DUI Convictions and the California IID Law
What is an Ignition Interlock Device (IID)?
An IID is a breath machine which is connected to the starting-component of a vehicle. For the vehicle to start, the driver must blow into the device. The device is installed on the vehicle’s steering column. The sample of air blown into the device is then analyzed by the machine to determine whether there is any alcohol in the breath sample. The car will start so long as there is no alcohol in the breath sample provided.
Once the car starts, the IID will require the driver to provide breath samples during the time the vehicle is turned on and moving. The IID alerts the driver that they must provide a breath sample. The driver does not need to pull over, stop, or turn off the car in order to blow into the device.
The IID records and saves all breath samples collected. It is the IID company’s responsibility for maintaining and calibrating the IID and will store all breath results of samples provided. It is critical for a person who is using an IID to follow all rules and guidelines to ensure the machine is being used properly. Any violation of the proper use of the device (i.e.: alcohol being detected in a breath sample, tampering, disabling the device) may result in the California Department of Motor Vehicles terminating a person’s ability to have a restricted license with the IID and reinstate the mandatory suspension of a person’s driving privileges.
How much does the IID cost?
The monthly cost of having an IID in one’s vehicle depends on the make and model of the vehicle. In addition, there may be installation and removal charges for the IID as well. A list of IID providers are on the DMV's website: https://www.dmv.ca.gov/portal/vehicle-industry-services/occupational-licensing/occupational-licenses/breath-alcohol-ignition-interlock-device-baiid-manufacturer/ignition-interlock-device-iid-list/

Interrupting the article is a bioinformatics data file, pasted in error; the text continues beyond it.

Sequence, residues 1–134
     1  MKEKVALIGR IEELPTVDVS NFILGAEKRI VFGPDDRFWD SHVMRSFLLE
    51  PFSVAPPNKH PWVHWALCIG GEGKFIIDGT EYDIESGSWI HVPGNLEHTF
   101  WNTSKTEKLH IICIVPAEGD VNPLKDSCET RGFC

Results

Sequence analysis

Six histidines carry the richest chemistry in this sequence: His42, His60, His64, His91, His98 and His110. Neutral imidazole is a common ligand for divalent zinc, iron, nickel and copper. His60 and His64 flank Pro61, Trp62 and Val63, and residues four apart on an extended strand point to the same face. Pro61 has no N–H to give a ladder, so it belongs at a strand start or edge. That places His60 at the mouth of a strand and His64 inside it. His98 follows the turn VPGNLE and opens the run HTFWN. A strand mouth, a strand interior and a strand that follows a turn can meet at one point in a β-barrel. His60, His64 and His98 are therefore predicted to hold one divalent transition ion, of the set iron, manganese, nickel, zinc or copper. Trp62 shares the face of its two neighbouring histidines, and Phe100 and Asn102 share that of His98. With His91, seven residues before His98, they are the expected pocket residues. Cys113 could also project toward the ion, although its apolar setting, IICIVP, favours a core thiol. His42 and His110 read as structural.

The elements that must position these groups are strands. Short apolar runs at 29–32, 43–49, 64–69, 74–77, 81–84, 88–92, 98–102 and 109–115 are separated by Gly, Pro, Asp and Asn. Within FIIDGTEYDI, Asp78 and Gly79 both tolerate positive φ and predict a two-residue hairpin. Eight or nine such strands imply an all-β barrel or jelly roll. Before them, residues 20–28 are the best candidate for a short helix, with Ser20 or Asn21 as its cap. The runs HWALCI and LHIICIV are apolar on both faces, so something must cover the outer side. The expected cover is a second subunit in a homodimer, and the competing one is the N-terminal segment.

How Long Does a Person Need to have an IID?
The length of time a person needs to have an IID installed in their vehicle depends on the charge for which the person is convicted:
First DUI conviction within 10 years:
6-month restricted license with an IID installed where one can drive anywhere he/she chooses, OR 1-year restricted license to only drive to and from work and an alcohol treatment program
6-month restricted license with an IID is required. There is no option to forgo installing the IID and having restricted driving privileges.
Second misdemeanor DUI conviction within 10 years:
IID required for one year
Third misdemeanor DUI conviction within 10 years:
IID required for two years
Fourth or subsequent DUI conviction or a Felony DUI conviction:
IID required for three years
How May I Receive a Restricted License with an IID?
An insurance company must electronically file an SR-22 form with the DMV. An SR-22 is a form shows the DMV that a person is insured while driving a vehicle.
Register for the applicable DMV-approved alcohol education class. Proof of enrollment must be electronically sent to DMV.
Install an Ignition Interlock Device in any car you own or operate. The IID company should provide you with proof of installation AND send electronically to the DMV proof of installation as well.
Pay a license reissuance fee to the DMV once approved for a restricted license.
Are There Exceptions to being Eligible for Obtaining a Restricted License with an IID?